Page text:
Yemeni Interior Minister: We will give all support to the new UN envoy to achieve his mission

New UN Envoy Martin Griffiths. (AFP)
Updated 13 March 2018

Yemeni Interior Minister: We will give all support to the new UN envoy to achieve his mission

DUBAI: Yemen’s Deputy Prime Minister and Minister of Interior Ahmed Al-Misri confirmed the country’s legitimate government would cooperate with the new UN envoy, saying they would provide all possible support for his mission, Saudi state-news agency SPA reported.
During his meeting in Aden with the head of the international team of experts Mohamed Jendoubi, Al-Misri stressed that the Iran-backed Houthi militia was determined to continue the war in order to implement the Iranian agenda without any consideration for the interests of the Yemeni people.
He continued saying that the legitimate government was seeking peace through concessions made in negotiations in Geneva and Kuwait.
During the meeting, the Yemeni official reviewed the crimes committed by the Houthis against civilians and their intention to bomb residential neighborhoods in provinces and areas under their control and while using civilians as human shields to avoid air strikes.
Al-Misri said the government’s progress against the Houthis could be faster, but that its commitment to human rights meant the process would take longer.


Anti-Assad fighters withdraw from key area of northwest Syria

Updated 20 August 2019

Anti-Assad fighters withdraw from key area of northwest Syria

  • The withdrawal means an important Turkish observation point in the nearby town of Morek is effectively surrounded by government forces
  • After eight years of civil war, the Idlib region on the border with Turkey is the last major stronghold of opposition to President Bashar

BEIRUT: Jihadists and allied rebels withdrew from a key area of northwestern Syria Tuesday as President Bashar Assad’s forces pressed an offensive against the jihadist-run Idlib region, a war monitor said.
The fighters pulled back from the town of Khan Sheikun and the countryside to its south overnight and in the early hours of Tuesday, the Syrian Observatory for Human Rights said.
The withdrawal means an important Turkish observation point in the nearby town of Morek is effectively surrounded by government forces, Observatory chief Rami Abdel Rahman told AFP.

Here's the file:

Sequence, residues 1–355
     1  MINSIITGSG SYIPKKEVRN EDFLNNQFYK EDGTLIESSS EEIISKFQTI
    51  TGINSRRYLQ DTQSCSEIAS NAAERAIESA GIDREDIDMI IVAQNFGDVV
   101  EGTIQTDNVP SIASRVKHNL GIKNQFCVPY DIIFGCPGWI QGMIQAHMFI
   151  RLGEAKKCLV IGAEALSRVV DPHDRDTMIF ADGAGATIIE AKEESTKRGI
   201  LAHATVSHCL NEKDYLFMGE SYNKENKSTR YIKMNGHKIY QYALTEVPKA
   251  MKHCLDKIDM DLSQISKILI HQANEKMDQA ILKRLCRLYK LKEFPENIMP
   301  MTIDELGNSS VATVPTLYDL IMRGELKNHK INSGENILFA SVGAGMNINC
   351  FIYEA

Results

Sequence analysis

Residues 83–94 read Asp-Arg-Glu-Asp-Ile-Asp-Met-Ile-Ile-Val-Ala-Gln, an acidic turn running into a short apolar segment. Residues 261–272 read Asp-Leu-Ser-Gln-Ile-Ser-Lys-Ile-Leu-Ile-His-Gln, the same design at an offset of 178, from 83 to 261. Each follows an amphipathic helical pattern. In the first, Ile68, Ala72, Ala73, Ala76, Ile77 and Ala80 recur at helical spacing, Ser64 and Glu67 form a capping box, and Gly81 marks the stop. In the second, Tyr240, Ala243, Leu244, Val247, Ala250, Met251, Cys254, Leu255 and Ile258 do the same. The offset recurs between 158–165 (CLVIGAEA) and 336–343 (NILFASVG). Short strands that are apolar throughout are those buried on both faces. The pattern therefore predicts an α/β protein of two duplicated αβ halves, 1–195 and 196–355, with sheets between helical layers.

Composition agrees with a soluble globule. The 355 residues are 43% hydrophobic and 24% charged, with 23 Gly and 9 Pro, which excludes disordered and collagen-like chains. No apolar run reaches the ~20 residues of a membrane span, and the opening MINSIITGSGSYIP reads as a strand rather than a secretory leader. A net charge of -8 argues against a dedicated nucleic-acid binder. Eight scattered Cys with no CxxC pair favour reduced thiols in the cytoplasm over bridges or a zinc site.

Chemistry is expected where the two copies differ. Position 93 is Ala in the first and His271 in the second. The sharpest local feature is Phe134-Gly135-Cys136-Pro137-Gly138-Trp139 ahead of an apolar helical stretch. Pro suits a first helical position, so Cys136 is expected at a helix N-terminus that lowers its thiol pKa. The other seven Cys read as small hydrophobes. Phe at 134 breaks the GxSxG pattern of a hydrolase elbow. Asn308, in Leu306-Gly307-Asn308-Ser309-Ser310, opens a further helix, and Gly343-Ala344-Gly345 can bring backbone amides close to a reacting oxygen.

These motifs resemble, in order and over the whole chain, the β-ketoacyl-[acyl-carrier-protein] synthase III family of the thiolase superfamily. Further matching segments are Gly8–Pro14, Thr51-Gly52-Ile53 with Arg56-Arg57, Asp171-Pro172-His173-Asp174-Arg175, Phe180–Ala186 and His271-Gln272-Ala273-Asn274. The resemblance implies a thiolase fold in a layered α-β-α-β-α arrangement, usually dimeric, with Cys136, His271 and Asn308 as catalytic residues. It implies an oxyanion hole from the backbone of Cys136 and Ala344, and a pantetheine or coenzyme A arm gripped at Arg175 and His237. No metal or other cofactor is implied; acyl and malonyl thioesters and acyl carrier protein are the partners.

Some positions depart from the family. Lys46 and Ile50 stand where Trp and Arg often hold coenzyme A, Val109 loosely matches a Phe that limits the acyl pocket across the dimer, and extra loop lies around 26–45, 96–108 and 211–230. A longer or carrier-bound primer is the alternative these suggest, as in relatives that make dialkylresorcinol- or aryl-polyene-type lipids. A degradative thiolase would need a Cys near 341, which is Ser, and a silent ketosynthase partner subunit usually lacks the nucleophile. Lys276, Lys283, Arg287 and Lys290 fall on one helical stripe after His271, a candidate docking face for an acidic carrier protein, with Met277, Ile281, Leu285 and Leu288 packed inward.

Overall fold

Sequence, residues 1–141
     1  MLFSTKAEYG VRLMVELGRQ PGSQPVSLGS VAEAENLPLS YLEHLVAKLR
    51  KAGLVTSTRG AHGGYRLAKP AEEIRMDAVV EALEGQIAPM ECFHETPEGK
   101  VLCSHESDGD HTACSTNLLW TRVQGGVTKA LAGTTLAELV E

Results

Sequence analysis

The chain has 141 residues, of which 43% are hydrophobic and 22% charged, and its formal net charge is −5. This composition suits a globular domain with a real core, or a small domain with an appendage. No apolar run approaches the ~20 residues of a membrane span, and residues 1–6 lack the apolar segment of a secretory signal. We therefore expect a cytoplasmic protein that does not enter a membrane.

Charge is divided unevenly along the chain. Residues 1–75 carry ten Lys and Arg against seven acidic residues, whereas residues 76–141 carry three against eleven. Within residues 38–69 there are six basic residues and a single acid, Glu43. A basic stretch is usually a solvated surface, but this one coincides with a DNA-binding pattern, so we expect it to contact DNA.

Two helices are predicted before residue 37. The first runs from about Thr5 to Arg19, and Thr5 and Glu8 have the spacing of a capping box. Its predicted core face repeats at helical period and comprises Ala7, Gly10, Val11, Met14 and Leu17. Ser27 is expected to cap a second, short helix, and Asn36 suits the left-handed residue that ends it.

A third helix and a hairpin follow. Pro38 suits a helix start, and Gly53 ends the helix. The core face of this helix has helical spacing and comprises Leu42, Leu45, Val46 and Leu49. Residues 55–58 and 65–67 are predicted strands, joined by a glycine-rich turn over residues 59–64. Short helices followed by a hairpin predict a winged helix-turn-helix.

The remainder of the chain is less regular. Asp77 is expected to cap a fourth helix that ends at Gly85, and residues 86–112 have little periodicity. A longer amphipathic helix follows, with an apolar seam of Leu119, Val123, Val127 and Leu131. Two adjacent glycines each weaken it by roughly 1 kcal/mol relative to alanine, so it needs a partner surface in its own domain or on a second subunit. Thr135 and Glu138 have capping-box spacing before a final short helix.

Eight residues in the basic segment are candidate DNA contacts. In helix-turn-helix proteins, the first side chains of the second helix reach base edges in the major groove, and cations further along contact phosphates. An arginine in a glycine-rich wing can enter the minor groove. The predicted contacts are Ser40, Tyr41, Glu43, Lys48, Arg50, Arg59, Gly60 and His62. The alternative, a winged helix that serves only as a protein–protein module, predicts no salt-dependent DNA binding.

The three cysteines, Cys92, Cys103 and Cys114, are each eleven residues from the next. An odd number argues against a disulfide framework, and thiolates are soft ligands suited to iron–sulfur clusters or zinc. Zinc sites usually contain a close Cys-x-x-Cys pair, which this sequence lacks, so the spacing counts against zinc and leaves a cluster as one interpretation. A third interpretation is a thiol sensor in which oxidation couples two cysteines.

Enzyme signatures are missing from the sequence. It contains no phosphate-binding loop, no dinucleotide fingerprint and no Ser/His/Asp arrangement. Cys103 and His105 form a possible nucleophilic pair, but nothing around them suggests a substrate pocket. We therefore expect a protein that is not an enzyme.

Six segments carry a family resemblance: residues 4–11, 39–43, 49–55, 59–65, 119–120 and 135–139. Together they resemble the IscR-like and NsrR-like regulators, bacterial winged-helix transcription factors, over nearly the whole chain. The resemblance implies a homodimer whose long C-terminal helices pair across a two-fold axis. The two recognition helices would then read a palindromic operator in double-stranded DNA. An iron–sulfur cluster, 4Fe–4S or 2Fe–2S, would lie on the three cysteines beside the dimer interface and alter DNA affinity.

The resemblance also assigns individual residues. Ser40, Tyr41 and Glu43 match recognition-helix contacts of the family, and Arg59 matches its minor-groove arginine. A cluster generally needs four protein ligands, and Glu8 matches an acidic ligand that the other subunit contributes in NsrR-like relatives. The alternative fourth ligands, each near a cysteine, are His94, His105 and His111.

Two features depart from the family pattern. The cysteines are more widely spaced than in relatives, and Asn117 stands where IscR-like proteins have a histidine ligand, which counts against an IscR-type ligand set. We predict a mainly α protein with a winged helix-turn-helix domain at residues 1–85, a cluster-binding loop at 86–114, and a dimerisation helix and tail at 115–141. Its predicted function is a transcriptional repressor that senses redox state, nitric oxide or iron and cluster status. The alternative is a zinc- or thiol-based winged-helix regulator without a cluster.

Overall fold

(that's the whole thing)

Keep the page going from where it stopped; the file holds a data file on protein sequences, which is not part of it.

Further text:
On Monday, a Turkish military convoy crossed the border into the Idlib region, sparking condemnation from Damascus as Ankara alleged air strikes had targeted its troops.
The convoy halted just north of Khan Sheikhun on Monday afternoon and remained there on Tuesday, after government forces took control of a section of the highway into the town.
Pro-government newspaper Al-Watan said Monday morning’s strike targeted a rebel vehicle scouting the road in front of the Turkish convoy.
“The Syrian army in its own way sent a clear message to the Turkish regime by forcing convoys sent by Ankara to help the terrorists in Khan Sheikhun to come to a halt,” it said.
It was a “clear warning against any Turkish attempt to resuscitate the terrorists,” the paper said, adding that the strike had “Russian support.”
After eight years of civil war, the Idlib region on the border with Turkey is the last major stronghold of opposition to President Bashar Assad’s regime.
Since January, it has been administered by the Hayat Tahrir Al-Sham alliance, which is led by jihadists from Syria’s former Al-Qaeda affiliate.
The region of some three million people was supposed to be protected by a Turkish-Russian buffer zone deal signed last year.
But government and Russian forces have subjected it to heavy bombardment since late April, killing more than 860 civilians, according to an Observatory toll.
The United Nations says the shelling and air strikes have also hit dozens of health facilities and caused more than 400,000 people to flee their homes.
The war in Syria has killed more than 370,000 people since the rebels first took arms following the brutal repression of anti-government protests in 2011.
Rival interventions by outside powers have turned it into a complex conflict with multiple battle fronts that has driven millions of civilians from their homes.